“I thought about it already.” He waved for her relax. She raised an eyebrow. He felt a jolt in his memory. He’d seen That Look before. His mind grasped for the where but he couldn’t find it.
He steepled his fingers in front of him and made a show of taking a breath. “Did you grow up in Calgary?”
“Did I meet you in Calgary?”
“Where did you move from?”
She shook her head. He twisted his mouth disapprovingly. He couldn’t ask that it wasn’t a yes or no question.
“Did you grow up in Alberta?” He was in Edmonton often enough.
“Did you grow up in Canada?”
Somewhere east. “Did I meet you in the last three years?” Since he’d been playing in Calgary.
He thought backwards. His nearly two Boston. “In the last five?”
“You tracked me down from before my professional playing days? Was I better in bed then?”
“Yes and I don’t know.” Because she hadn’t slept with him in the last 5 years or since she’d never slept with him?
“Did we go to university together?”
He wrinkled his nose. “When I played in Providence?”
He lost his patience and downed half his beer. And then it slowly dawned on him. The look. The familiarity. And why she wasn’t going to make it easy on him.
“Nope, not going there,” he said. He pushed himself away from the table and walked into the crowd, heading for the door.
He had left his past behind him. No matter how good the family had been to him, they were not his family. His own family didn’t want him, how could strangers?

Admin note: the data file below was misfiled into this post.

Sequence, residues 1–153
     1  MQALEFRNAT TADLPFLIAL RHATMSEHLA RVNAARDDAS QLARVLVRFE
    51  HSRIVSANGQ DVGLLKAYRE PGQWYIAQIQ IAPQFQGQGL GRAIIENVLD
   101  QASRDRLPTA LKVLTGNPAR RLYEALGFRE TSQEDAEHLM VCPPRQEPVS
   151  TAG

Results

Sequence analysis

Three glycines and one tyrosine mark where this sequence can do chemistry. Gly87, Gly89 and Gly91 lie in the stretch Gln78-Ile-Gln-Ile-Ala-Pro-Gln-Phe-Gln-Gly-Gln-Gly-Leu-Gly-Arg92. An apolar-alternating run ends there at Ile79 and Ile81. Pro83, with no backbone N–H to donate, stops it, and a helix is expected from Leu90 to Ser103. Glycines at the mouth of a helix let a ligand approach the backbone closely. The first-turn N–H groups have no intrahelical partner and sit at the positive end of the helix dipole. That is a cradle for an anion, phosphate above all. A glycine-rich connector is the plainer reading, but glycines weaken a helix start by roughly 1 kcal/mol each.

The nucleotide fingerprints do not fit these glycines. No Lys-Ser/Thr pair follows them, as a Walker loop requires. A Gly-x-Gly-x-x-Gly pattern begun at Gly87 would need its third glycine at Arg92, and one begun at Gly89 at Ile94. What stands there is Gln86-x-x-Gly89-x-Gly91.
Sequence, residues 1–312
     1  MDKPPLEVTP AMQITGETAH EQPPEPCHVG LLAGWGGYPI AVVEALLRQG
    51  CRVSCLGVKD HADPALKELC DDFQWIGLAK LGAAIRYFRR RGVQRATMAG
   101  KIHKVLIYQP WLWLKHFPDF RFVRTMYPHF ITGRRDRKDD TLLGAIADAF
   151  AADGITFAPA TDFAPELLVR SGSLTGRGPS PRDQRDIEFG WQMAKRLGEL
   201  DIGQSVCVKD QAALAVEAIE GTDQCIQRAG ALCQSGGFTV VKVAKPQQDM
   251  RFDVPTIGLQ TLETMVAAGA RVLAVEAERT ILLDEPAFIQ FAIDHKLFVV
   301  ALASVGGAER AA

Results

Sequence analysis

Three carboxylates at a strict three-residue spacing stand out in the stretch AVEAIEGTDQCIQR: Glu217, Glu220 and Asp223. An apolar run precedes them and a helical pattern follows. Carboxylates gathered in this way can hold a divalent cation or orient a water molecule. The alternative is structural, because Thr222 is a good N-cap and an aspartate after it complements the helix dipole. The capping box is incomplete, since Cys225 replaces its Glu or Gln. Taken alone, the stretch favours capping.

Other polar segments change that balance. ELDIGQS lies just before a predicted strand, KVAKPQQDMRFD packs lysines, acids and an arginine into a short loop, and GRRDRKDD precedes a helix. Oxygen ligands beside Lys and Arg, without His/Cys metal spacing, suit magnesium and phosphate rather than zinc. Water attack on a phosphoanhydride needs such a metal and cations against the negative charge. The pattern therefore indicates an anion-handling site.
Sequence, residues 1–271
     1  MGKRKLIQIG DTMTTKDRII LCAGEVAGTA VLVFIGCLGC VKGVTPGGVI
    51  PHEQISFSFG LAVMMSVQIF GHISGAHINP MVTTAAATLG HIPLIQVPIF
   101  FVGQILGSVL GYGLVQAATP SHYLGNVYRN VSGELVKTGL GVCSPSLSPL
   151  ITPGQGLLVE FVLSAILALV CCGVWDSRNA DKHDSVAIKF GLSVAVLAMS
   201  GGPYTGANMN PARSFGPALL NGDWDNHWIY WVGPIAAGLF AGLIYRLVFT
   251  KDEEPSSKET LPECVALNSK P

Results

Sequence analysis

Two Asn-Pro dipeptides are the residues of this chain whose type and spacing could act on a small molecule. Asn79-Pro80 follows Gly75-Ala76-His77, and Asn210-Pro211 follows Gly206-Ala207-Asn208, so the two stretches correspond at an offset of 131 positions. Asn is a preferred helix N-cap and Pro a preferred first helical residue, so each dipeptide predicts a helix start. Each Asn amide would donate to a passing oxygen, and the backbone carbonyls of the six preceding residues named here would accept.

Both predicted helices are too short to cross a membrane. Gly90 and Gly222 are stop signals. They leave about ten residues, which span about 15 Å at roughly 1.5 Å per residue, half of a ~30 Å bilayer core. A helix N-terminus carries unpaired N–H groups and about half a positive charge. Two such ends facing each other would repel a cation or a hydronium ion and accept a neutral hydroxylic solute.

He shook his head and considered grabbing another beer and downing it before he found a cab to take him home. Deciding it would slow him down and might give Her a chance to catch up, he passed the bar and took the first exit, with a wave at the bouncer, Marc.
He tried to stay in the shadows outside as he used his cellphone to text his team mate, Peter Drummon. He was about it hit send when he felt a tap on his shoulder. “Hey man, I was about to text …” he trailed off as his eyes registered that it wasn’t Peter after all. “I don’t really want to talk to you.”
“Yeah, well that’s too bad. I’m not here to stir up anything. I just- well no one had heard from you in a lot of years. And I moved to Calgary a few months ago and you live here. It seemed- I dunno. I just thought I’d see how you are.” She gave him a weak smile.
He met her gaze. He held it for long moments and she didn’t waver. She spoke again before he could. “This is why I didn’t approach you. I didn’t think you want to see me again.”
He didn’t. He didn’t want to go back there. To where he grew up. There were too many bad memories.
He let his shoulders drop; knowing he was dropping his guard. And letting all those old feelings coming running back.
When he was sixteen until he left for University he was in a constant state of lust for Mackenzie Charron. She was so beautiful and so sure of herself. Despite all the options that the Ellliot family gave him, all he had to be grateful for, he always felt like he was a loser. Neither of his parents bothered sticking around to raise him. Strangers gave him more than his parents ever did.